Siccar Point is a rocky promontory in the county of Berwickshire on the east coast of Scotland. It is famous in the history of geology for Hutton's Unconformity found in 1788, which James Hutton regarded as conclusive proof of his uniformitarian theory of geological development.
Siccar Point is now in the parish of Cockburnspath but was formerly in the parish of Old Cambus, from which the ancient parish church of St Helen's Chapel survives as a ruin about one kilometre to the west of the point. The church is built in a Romanesque style, in a mixture of Old Red Sandstone believed to have been quarried from the nearby Greenheugh Bay and of the greywacke rock also used in the drystone dyke forming the field boundaries. It is likely that the medieval village of Old Cambus was nearer to Siccar Point than the extant hamlet of Old Cambus.
To the south of the point twentieth-century quarrying for greywacke to be used as roadstone left a hollow named Old Cambus Quarry which is now occupied by a vegetable distribution warehouse complex.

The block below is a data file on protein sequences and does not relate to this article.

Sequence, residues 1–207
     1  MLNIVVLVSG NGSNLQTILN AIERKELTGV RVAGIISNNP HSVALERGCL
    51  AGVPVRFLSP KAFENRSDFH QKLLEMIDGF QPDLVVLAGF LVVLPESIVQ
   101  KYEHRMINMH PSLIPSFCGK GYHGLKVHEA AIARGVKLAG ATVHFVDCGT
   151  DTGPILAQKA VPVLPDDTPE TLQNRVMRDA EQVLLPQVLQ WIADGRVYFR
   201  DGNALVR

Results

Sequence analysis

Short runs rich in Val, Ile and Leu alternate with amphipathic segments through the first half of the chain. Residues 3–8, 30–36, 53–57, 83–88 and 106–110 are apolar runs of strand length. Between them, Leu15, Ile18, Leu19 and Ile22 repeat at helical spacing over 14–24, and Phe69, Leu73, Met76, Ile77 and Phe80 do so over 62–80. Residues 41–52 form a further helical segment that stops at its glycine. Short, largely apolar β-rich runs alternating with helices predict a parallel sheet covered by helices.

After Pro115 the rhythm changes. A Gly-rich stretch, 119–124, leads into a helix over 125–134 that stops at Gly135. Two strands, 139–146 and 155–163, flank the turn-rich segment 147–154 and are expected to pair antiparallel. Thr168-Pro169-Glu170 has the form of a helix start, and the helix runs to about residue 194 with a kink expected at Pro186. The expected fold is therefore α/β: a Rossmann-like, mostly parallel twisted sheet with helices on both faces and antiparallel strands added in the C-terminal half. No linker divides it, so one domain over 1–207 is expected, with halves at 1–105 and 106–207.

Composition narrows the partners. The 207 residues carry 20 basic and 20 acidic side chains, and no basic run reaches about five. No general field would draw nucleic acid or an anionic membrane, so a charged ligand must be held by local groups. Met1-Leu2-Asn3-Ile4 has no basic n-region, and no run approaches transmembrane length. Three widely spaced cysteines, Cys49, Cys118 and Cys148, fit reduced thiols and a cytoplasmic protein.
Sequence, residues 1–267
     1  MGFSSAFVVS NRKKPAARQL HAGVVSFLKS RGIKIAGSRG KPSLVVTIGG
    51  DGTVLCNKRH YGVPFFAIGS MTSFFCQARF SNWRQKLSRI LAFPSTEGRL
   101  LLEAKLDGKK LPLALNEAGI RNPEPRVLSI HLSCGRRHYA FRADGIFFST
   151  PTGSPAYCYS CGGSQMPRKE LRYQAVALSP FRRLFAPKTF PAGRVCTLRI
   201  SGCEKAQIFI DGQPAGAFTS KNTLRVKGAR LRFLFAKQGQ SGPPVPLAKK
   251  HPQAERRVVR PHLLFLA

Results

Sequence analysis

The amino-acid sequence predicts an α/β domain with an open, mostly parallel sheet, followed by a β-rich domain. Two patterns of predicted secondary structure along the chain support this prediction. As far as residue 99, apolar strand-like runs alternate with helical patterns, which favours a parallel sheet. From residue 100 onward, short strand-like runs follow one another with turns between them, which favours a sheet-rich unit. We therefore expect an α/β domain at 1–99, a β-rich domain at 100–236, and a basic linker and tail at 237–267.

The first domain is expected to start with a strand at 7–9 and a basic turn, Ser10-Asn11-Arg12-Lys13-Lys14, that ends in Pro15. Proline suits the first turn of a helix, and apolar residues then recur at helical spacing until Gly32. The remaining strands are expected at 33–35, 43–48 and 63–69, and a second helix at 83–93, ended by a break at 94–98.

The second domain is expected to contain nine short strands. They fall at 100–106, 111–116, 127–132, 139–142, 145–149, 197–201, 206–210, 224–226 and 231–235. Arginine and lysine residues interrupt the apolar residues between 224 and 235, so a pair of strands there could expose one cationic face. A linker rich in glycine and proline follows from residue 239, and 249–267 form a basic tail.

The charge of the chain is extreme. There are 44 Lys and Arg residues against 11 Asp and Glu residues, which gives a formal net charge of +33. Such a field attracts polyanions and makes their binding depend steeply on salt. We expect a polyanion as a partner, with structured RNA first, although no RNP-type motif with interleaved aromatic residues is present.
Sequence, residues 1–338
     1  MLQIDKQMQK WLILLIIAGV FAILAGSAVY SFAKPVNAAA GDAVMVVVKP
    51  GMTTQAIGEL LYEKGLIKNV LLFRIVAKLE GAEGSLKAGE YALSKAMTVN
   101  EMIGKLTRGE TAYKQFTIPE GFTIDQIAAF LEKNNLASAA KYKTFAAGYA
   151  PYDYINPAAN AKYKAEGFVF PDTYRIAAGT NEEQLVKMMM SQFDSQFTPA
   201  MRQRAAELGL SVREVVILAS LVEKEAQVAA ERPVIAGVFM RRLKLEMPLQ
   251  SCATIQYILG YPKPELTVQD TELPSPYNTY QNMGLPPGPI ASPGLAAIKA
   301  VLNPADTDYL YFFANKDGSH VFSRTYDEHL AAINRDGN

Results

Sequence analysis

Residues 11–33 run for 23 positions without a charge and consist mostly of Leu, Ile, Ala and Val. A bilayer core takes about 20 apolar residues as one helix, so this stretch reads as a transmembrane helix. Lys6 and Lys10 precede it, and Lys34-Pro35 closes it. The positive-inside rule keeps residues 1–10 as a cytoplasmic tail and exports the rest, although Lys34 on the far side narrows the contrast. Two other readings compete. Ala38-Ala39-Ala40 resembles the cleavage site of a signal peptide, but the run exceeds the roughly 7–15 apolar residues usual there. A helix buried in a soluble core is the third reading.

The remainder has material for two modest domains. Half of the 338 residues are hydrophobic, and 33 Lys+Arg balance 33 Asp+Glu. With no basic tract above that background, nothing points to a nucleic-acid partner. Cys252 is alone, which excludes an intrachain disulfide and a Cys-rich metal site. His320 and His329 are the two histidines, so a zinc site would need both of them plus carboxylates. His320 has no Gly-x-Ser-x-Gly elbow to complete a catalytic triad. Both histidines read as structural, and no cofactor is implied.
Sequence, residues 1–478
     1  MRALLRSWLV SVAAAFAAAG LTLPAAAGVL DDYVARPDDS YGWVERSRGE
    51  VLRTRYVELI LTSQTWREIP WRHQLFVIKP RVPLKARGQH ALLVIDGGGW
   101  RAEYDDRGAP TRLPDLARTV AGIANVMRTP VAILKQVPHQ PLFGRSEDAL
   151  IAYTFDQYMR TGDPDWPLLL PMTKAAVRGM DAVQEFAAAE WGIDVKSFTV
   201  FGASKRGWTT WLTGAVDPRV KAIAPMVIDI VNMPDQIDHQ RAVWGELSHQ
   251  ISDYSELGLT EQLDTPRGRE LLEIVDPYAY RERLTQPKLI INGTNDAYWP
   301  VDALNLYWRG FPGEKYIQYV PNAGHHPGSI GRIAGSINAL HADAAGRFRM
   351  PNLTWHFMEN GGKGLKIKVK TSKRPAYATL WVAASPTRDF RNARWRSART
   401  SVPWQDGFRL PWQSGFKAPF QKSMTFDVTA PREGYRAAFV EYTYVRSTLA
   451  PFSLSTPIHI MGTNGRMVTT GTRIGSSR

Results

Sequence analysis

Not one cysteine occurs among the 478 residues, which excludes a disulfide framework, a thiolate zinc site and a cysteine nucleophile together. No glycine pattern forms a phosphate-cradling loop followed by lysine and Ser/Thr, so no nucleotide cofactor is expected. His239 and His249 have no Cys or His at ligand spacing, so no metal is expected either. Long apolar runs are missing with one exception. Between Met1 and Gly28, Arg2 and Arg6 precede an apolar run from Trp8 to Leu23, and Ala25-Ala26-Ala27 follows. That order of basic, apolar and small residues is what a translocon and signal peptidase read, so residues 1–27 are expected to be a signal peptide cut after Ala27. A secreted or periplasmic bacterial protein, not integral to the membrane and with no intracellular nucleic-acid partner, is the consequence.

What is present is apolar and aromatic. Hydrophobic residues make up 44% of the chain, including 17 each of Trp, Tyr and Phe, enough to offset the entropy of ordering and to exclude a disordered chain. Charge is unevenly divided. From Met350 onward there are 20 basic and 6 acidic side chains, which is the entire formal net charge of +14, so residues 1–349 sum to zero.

Siccar Point is notable in the history of geology as a result of a boat trip in 1788 in which geologist James Hutton observed the angular unconformity of the point. He wrote later that the evidence of the rocks provided conclusive proof of the uniformitarian theory of geological development; that is, that the natural laws and processes which operate in the universe have never changed and apply everywhere.
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- James Hutton's account of his visit to Siccar Point in Berwickshire[permanent dead link]
- John Playfair's historic remarks upon seeing Siccar Point, in vol. V, pt. III, 1805, Transactions of the Royal Society of Edinburgh.
- Research Casting International hung on scaffolding off the cliffs at Siccar Point, painting a large section of the rocks with thick liquid latex (photo) to fabricate an exhibit for the Gottesman Hall of Planet Earth, American Museum of Natural History.
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